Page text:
"They gave him sedatives and put him in Intensive Care, on a suicide watch.
"Can you begin to understand why I've had no use for you all this time?" Mrs. Brown said, her voice becoming harsh. "Can you even imagine how it felt to see your own child in a hospital, watched over for his own protection?"
"Damn you!" Mrs. Brown snarled with such sudden violence that Violet cringed.
"Damn you! How I hated you then, Miss Gray, how I despised you. Even now, I'm so angry just thinking about it, I want to strike you!"
Violet bowed her head, crying softly.
"I wouldn't blame you if you did, Mrs. Brown."
Mrs. Brown controlled herself with great difficulty. Clenching her fists, she sat suddenly at the table, moving a cup and saucer with her trembling hands around on the table top. Violet reached across the table to give Mrs. Brown a comforting touch, but she brushed her away.
"After what happened," Mrs. Brown resumed, "Charlie said he couldn't go back to school. He couldn't bear to face his friends, especially you. We understood, so we kept him home. He had enough credits to graduate, but he was too sick, too weak, to go to the ceremony. He said he never wanted to see any of you, ever again. We sent him away for the summer, to his aunt in . He stayed there a year, then we enrolled him at the Armory. He's done well there. He'll be graduating soon, and then he'll be shipped out."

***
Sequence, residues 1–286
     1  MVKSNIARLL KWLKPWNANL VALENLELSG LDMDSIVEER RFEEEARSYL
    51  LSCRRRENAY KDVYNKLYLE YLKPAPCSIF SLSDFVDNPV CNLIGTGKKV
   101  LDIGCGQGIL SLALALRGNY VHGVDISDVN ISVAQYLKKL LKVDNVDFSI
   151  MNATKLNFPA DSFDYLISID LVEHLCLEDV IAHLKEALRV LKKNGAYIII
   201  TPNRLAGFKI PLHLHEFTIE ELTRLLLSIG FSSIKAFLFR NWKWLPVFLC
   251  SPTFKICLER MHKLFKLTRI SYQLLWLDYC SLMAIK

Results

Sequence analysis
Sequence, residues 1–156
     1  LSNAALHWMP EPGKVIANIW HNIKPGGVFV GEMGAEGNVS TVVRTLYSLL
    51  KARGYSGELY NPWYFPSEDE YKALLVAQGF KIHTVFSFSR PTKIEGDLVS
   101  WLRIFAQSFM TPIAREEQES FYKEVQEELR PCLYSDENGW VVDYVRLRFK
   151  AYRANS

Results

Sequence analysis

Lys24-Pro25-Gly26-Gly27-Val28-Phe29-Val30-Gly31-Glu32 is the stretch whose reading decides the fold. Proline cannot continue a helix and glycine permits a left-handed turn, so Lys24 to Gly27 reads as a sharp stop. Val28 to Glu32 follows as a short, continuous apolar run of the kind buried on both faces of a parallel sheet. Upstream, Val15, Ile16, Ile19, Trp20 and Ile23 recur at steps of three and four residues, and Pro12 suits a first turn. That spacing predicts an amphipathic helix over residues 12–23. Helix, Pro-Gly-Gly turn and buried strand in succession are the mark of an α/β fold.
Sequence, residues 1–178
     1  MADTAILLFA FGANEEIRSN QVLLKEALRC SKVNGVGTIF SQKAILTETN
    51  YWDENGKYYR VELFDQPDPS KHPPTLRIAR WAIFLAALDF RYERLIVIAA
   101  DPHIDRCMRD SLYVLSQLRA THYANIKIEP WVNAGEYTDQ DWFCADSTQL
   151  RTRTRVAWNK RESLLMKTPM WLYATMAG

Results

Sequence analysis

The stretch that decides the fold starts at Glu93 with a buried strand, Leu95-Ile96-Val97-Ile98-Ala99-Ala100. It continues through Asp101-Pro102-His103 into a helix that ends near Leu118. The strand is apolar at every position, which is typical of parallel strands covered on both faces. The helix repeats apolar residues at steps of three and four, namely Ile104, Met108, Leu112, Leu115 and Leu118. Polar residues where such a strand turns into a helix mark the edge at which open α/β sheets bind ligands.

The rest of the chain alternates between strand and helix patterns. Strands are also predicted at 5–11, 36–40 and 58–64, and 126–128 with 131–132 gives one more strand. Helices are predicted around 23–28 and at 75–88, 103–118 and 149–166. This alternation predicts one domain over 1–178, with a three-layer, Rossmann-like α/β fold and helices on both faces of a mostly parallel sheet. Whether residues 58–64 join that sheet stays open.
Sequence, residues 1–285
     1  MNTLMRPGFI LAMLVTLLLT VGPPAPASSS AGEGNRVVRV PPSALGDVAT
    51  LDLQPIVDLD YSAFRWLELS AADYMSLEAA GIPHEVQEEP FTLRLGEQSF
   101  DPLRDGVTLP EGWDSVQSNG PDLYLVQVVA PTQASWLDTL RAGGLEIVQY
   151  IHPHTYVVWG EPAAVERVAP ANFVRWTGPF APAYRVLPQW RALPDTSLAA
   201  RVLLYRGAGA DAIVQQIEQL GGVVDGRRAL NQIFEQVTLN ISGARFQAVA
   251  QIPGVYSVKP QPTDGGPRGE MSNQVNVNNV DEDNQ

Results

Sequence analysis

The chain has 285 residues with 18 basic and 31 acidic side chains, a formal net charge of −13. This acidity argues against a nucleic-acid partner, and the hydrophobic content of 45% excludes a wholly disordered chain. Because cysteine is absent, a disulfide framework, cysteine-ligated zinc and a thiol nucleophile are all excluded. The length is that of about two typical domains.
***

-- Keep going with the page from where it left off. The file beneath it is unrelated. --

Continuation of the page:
Violet wrung her hands, helplessly, her face desolate.
"I don't know what to say."
"Yes you do, Miss Gray," Charlie's mother said, sitting next to her at the table. "You came here to apologize, to make things right."
"Yes, I did," Violet said, softly.
"Then, tell me, Violet. Tell me why? Why did you dump him that night? Why did you humiliate him like that, in front of all those people, on a night that was so important to him? How could you?"
Violet gulped. This wasn't going to be easy, especially telling the whole truth.
"Mrs. Brown, please try to understand. I came here today because I like Charlie, and I wanted him to forgive me. I want that from you, too. I don't know if I can explain it, but I'll try."
Mrs. Brown's glare prompted her to continue.
"As I said before, when he asked me to the prom, I was delighted! We'd gotten closer since we were in high school. He was more confident, more sure of himself, and I was glad to be his friend again. He asked me to the prom so early, he said, because he wanted to make sure I hadn't made plans with another boy. I was so happy! You won't believe me, but I was looking forward to going to the prom with him. I wanted everyone to see me with him! I told all my friends; Patty, Shermy, Schroeder, Linus and his sister, Lucy. That was my mistake.